Q: "I have seen a paint advertised as an insulation. Is this for real?"
Can a paint decrease my energy bills?
Q: I have seen a paint advertised as an insulation. Is this for real?
—S.H. Bryson, via e-mail
Kevin O'Connor replies: Sounds like what you're referring to is a type of paint that blocks the transfer of heat through walls. From what I've learned, it wouldn't hurt your house to paint it with this stuff, but it's not likely to reduce your energy bills.
According to Danny Parker, a research scientist at the Florida Solar Energy Center, the R-value of any paint film would be negligible, so using the term "insulation" is a stretch. True, paint can reduce summer heat gain by acting as a radiant barrier and reflecting the sun's rays. But unless there's independent test data about how well it performs, there's no way to compare the benefit of this product to other options, such as insulating walls or installing radiant-barrier foil in the attic.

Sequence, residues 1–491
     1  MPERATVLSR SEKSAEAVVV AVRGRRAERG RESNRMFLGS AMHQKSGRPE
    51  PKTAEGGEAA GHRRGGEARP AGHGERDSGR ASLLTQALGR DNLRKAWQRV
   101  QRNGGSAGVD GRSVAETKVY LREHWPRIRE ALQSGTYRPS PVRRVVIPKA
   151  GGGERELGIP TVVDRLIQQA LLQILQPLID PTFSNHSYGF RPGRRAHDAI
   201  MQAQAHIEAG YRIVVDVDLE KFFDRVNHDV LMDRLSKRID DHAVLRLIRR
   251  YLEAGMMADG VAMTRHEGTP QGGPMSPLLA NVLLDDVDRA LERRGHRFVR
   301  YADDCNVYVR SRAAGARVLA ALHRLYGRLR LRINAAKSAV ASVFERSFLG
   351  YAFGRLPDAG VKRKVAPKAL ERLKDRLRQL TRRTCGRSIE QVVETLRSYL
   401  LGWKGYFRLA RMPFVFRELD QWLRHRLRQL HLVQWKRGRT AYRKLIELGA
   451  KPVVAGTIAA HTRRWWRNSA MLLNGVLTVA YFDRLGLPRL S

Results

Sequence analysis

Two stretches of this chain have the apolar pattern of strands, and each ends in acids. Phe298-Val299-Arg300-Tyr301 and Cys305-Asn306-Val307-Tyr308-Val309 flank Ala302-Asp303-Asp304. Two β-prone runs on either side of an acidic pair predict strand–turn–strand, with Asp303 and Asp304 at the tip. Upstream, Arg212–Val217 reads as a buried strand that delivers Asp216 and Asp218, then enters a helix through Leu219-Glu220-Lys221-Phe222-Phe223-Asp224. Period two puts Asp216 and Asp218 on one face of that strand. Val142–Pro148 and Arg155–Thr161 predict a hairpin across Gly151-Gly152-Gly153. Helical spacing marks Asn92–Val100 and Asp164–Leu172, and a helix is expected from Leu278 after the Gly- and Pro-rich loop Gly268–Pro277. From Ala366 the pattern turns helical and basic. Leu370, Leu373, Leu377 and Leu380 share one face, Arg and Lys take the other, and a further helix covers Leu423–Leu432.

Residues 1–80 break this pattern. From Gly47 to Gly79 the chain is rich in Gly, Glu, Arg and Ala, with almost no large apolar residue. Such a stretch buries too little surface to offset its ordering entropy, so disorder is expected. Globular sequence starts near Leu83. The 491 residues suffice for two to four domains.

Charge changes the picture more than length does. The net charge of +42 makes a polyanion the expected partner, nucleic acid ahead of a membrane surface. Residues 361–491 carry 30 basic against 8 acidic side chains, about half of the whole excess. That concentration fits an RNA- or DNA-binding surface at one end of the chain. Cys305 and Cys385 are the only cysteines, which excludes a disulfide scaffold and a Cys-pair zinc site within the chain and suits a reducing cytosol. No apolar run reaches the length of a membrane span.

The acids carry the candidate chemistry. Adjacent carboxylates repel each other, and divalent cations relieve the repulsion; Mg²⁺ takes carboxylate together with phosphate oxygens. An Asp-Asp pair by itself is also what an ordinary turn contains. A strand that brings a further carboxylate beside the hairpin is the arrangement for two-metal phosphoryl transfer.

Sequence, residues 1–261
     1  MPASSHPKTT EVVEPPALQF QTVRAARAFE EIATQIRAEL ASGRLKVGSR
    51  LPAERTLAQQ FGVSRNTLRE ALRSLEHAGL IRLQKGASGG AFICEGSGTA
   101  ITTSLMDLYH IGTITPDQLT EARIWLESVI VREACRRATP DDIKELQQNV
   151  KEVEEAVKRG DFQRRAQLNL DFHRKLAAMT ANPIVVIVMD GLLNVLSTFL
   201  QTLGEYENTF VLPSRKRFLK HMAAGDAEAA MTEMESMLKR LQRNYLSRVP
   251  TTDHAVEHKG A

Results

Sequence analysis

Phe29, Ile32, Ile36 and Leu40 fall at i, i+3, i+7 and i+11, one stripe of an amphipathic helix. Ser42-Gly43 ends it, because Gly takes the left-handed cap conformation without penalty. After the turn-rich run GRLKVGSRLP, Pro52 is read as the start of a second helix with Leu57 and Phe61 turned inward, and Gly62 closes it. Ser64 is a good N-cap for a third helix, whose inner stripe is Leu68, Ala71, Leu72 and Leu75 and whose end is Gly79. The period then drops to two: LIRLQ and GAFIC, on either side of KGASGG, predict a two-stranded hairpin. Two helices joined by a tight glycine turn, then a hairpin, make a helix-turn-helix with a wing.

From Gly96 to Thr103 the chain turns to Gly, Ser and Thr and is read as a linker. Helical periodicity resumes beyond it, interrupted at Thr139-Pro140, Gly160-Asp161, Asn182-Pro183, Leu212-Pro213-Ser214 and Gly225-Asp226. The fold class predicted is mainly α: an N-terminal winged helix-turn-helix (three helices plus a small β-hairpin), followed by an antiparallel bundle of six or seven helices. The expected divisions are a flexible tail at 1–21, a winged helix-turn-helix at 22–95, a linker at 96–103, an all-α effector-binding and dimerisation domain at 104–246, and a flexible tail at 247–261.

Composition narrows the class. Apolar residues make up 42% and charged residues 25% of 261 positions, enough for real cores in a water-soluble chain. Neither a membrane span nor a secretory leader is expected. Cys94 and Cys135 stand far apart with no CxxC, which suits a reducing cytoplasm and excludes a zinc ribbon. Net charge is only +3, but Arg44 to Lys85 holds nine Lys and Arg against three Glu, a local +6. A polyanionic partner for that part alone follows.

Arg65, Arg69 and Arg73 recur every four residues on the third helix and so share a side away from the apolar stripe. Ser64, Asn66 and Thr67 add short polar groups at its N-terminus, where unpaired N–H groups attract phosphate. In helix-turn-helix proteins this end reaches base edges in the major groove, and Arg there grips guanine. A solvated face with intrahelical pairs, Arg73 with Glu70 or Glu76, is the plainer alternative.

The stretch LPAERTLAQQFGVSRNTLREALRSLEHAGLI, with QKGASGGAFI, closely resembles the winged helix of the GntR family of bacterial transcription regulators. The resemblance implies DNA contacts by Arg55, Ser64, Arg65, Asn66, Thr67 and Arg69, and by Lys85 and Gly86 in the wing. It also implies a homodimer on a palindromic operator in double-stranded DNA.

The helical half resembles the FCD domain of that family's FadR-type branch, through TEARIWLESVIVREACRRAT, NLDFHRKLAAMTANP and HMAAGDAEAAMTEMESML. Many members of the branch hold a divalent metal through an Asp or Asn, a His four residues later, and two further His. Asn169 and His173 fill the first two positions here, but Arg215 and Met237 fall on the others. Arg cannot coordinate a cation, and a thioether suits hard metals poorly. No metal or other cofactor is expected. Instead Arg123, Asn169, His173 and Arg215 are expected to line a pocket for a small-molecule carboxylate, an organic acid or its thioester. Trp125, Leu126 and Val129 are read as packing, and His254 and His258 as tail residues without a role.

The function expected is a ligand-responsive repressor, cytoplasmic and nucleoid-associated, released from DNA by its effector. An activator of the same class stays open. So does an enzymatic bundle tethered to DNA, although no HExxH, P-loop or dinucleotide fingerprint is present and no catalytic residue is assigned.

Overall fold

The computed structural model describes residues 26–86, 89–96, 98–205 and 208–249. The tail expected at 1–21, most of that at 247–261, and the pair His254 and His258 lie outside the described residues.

Even if the paint were a good radiant barrier, its effectiveness would depend on its location: A radiant barrier applied to a shaded wall, for example, won't be much help.